In addition, nonprofit food networks and anti-fungal organizations have adopted strategies to safely distribute food through home deliveries and deliveries to specific locations to meet increased demand. These efforts have been particularly important for children who are not eligible for, or have been admitted to, other federal nutritional assistance, and in the context of recent restrictive immigration policies that have appalled participation in public programs

There are gaps in children’s nutrition. Much of the political effort before and during the pandemic has centered on weekday meals, which has left millions of children hungry when schools are empty. And despite significant political advances, high levels of food insecurity among families1 suggest that recent efforts have been inadequate.

An important limitation is the level of the SNAP benefit, which has been widely recognized as insufficient. Rising food prices over the past year and the loss of access to other reliable food sources (e.g. free school meals) and financial resources (e.g. due to job losses) have also resulted in limited SNAP benefits during the Year have to extend further than usual pandemic.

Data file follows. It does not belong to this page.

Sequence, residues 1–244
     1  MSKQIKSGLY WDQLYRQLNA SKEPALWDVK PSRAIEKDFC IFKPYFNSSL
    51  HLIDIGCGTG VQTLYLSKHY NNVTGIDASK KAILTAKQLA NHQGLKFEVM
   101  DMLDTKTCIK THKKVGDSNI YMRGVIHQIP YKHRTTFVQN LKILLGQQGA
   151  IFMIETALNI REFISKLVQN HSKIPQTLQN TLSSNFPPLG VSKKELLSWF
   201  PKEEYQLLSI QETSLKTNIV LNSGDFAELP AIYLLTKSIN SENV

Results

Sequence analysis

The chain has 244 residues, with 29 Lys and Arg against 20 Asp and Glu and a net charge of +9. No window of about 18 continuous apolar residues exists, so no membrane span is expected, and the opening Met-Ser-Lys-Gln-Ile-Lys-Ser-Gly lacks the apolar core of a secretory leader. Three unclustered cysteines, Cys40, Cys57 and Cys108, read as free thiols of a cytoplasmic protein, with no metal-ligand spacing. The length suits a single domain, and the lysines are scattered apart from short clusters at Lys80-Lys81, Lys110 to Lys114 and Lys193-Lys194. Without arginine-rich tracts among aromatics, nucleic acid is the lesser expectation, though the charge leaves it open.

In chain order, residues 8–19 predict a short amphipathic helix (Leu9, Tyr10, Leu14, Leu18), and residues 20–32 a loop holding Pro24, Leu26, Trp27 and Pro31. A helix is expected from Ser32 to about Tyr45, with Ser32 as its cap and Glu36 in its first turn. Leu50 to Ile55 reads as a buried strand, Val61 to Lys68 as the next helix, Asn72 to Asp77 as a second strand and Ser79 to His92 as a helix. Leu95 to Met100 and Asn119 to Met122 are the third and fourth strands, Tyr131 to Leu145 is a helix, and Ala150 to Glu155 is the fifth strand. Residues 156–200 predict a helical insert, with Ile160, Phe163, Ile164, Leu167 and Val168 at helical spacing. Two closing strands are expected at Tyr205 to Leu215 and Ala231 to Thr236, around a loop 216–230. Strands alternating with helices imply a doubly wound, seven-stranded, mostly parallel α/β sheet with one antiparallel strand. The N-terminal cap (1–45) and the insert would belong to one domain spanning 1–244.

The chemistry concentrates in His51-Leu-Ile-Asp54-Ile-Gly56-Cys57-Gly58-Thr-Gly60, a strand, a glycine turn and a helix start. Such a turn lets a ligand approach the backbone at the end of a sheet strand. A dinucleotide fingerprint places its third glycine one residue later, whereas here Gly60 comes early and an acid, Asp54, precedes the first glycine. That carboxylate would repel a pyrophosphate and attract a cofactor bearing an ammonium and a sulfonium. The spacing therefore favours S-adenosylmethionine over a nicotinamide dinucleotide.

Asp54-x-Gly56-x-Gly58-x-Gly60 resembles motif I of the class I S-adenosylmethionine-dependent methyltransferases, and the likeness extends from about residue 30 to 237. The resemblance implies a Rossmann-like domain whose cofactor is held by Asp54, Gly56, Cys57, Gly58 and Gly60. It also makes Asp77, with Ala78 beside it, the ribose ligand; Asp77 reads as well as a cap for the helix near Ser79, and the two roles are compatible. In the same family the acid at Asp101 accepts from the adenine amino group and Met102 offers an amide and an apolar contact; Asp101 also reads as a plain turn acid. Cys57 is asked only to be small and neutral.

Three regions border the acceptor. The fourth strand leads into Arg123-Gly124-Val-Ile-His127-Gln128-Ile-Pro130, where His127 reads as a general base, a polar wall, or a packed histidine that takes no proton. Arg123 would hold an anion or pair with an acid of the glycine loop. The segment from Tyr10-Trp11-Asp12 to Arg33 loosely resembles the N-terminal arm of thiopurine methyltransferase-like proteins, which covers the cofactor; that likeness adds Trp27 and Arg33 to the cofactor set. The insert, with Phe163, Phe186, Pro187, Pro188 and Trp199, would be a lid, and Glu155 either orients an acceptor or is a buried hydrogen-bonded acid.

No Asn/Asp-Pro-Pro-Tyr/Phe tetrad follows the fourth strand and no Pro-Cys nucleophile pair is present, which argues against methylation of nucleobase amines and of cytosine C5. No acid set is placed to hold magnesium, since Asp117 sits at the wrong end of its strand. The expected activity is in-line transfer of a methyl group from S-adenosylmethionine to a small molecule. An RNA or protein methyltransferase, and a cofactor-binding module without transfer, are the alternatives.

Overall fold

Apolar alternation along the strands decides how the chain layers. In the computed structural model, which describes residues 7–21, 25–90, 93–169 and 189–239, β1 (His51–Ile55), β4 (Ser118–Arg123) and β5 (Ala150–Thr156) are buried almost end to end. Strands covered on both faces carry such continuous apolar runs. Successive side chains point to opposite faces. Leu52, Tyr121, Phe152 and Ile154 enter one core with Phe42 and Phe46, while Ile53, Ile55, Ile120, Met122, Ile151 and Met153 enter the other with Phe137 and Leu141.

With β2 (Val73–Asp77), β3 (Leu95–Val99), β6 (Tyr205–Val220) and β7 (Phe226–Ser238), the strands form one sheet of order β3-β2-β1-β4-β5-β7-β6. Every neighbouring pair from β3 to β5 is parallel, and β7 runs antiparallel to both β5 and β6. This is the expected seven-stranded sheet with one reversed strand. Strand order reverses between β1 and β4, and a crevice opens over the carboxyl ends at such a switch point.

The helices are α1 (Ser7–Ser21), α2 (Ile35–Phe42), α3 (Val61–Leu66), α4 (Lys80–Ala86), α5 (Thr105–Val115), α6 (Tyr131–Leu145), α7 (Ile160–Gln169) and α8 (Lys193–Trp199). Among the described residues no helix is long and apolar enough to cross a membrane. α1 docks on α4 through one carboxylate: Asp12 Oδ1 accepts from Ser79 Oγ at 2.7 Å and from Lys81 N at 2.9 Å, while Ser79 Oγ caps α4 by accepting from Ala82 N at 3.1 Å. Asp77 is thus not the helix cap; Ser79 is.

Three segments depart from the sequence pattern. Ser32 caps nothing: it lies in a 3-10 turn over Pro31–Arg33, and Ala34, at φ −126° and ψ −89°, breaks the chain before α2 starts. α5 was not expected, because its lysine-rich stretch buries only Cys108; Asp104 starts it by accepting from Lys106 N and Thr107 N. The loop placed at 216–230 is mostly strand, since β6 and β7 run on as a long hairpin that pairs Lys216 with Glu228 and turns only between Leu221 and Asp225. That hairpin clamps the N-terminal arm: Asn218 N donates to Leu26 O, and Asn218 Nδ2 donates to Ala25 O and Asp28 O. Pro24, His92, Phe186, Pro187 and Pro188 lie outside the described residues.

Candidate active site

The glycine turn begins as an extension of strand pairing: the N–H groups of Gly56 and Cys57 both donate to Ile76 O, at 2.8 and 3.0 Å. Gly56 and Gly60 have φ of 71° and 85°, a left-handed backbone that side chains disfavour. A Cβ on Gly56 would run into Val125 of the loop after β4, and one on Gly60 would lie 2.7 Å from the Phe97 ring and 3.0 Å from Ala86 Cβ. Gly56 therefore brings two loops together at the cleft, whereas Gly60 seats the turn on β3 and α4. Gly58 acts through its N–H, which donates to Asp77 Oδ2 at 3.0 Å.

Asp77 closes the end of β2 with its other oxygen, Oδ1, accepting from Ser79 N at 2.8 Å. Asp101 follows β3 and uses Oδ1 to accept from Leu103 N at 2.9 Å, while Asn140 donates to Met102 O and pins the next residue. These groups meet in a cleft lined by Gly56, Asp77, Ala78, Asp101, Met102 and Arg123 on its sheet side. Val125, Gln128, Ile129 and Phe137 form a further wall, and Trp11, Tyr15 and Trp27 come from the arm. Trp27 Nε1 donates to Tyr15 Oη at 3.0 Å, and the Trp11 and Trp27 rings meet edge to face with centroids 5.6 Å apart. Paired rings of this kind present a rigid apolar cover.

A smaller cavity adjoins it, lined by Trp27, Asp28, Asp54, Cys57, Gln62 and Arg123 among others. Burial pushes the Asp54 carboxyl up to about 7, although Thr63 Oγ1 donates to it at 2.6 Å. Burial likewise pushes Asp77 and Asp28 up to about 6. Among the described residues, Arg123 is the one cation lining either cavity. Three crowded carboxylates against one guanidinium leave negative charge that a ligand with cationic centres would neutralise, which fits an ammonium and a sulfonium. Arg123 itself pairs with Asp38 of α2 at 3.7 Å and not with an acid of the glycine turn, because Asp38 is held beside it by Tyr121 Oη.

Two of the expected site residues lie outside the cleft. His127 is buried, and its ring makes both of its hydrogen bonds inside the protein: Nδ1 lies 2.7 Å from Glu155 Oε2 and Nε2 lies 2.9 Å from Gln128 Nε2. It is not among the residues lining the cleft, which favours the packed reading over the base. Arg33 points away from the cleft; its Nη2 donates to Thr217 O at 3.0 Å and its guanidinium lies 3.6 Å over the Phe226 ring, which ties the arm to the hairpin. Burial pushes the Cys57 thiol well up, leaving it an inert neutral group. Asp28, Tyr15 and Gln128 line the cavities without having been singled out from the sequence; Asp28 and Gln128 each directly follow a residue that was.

A second caveat is that patchwork efforts to feed children on weekends and during class breaks do not reach all children. Prior to Covid-19, nonprofit food networks and anti-fungal organizations were the main providers of weekend pack programs that provide income-eligible children with groceries on Fridays during the school year. However, there is a lack of data on the number of weekend backpack programs that existed before the pandemic and the number that are still in operation. The CACFP Endangered Afterschool Meals Program reimburses eligible organizations that provide meals to children after school or on weekends or breaks during the school year. To help increase food security on weekends amid the pandemic, the USDA has issued exemptions that give schools and child-centered organizations flexibility in how meals are provided on weekends and during class breaks. During the 2020 spring and summer vacation, sites that participated in NSLP, SBP, and CACFP were allowed to use summer food programs to serve take-away meals without offering fortification activities (a prepandemic requirement). Under the current exemptions, approved states may allow summer food program locations to serve multiple meals at once during vacation breaks. For example, on the last day of school before the winter break, some locations offered meals worth 1 or 2 weeks. But not all kitchens or student households can safely store that much food.